Calculation

The leverage rules in the Directive are essentially aimed at leverage employed at the level of the AIF. Exposure which is contained in any financial or legal structures controlled by the relevant AIF must be included in the calculation of the exposure where those structures have been specifically set up to increase, directly or indirectly, the exposure of the AIF. However, for the purpose of calculating leverage for private equity funds for example, any exposure that exists at the level of either the relevant financial structure or investee companies should be excluded where the AIF’s or the AIFM’s exposure is limited to its investment in such financial structure or such companies (as applicable). For more detail, see ESMA’s guidance on calculation of leverage here under Section VII in its Q&A.

Additionally, temporary borrowing should be excluded where it is fully covered by capital commitments from investors. It may be worth noting that revolving credit facilities could give rise to borrowing which is not temporary in nature, particularly if utilised on a continually rolling basis.

In calculating leverage, the Level 2 Regulations require:

  • AIFMs to employ two methods for calculating the amount of leverage employed: (i) the Gross Method and (ii) the Commitment Method; and
  • the overall leverage of an AIF to be expressed as a ratio between the exposure of the AIF and its net asset value (and AIFMs must ensure that investors receive adequate information about these methods in order to avoid confusion over the meaning of reported leverage figures).

When calculating an AIF’s exposure using the Gross Method, AIFMs should:

    exclude the value of any cash and cash equivalents which are highly liquid investments held in the base currency of the AIF that are readily convertible to an amount of cash, subject to an insignificant risk of change in value and which provide a return no greater than the rate of a three month high quality government bond;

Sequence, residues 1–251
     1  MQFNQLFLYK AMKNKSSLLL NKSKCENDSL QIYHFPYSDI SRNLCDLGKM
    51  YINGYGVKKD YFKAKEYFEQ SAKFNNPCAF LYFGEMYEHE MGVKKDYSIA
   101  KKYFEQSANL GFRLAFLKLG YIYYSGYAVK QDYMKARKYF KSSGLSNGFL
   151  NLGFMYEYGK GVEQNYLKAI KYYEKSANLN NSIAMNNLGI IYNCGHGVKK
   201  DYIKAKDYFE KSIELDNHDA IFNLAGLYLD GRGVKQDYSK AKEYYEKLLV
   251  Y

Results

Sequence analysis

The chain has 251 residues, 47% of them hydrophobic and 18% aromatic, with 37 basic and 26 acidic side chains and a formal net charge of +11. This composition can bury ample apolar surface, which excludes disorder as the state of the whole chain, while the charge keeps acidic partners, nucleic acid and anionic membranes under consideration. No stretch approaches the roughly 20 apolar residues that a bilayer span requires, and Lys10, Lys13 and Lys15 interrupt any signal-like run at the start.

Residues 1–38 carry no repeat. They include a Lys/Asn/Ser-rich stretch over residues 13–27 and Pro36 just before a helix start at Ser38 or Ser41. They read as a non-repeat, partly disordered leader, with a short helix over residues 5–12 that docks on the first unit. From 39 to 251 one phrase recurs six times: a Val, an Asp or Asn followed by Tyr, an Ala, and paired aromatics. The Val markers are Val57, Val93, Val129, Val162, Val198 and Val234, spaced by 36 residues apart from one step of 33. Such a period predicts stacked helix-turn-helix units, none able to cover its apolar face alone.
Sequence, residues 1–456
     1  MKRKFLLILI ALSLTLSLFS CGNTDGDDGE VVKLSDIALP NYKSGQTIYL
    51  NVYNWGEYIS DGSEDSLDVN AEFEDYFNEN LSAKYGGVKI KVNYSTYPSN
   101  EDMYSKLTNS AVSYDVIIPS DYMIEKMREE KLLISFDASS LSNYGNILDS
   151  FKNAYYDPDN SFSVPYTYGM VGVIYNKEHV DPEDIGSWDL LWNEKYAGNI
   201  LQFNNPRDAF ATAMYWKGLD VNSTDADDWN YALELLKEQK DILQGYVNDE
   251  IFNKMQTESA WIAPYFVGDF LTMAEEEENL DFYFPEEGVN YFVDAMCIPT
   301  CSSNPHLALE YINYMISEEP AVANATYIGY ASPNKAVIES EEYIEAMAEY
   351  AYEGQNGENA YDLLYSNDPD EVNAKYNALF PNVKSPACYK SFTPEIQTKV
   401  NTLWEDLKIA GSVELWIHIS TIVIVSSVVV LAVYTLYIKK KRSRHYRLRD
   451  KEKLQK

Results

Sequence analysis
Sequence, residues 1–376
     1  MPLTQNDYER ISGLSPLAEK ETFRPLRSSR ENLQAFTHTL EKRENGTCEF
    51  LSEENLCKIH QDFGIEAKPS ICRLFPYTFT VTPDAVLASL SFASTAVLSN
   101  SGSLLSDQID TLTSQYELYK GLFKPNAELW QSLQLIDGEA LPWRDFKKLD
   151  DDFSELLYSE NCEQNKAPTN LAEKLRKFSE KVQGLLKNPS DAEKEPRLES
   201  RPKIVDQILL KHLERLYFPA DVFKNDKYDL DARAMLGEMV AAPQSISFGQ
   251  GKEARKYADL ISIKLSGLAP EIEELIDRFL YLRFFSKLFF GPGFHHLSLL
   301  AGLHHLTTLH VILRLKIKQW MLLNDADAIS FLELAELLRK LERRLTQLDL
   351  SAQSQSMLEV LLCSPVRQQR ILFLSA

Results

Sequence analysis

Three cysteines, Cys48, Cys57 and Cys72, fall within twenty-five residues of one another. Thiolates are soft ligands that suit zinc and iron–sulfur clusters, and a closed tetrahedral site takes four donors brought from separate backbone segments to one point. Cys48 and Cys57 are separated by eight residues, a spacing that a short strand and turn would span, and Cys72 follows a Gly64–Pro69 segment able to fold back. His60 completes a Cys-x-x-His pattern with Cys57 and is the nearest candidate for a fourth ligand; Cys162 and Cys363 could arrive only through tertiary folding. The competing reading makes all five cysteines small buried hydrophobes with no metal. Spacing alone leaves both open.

• convert derivative instruments (using the conversion methodologies set out in Annex II of the Level 2 Regulations and paragraphs (4) to (9) and (14) of Annex I of the Level 2 Regulations) into the equivalent position in their underlying assets;
  • exclude cash borrowings that remain in cash or cash equivalent as referred to in the first bullet point above and where the amounts of that payable are known;
  • include exposure resulting from the reinvestment of cash borrowings, expressed as the higher of the market value of the investment realised or the total amount of the cash borrowed as referred to in paragraphs (1) and (2) of Annex I of the Level 2 Regulations; and
  • include positions within repo or reverse repo transactions and securities lending or borrowing or other arrangements in accordance with paragraphs (3) and (10) to (13) of Annex I of the Level 2 Regulations.

When calculating an AIF’s exposure using the Commitment Method, AIFMs should:

Financial derivatives instruments do not need to be taken into account where they do not provide incremental exposure or leverage. By way of example, where an AIF that invests in an index future contracts and holds a cash position equal to the total underlying market value of such contract, its exposure is deemed to be equivalent to its exposure resulting from a direct investment in the index shares. On that basis, using such a futures contract does not create any incremental exposure.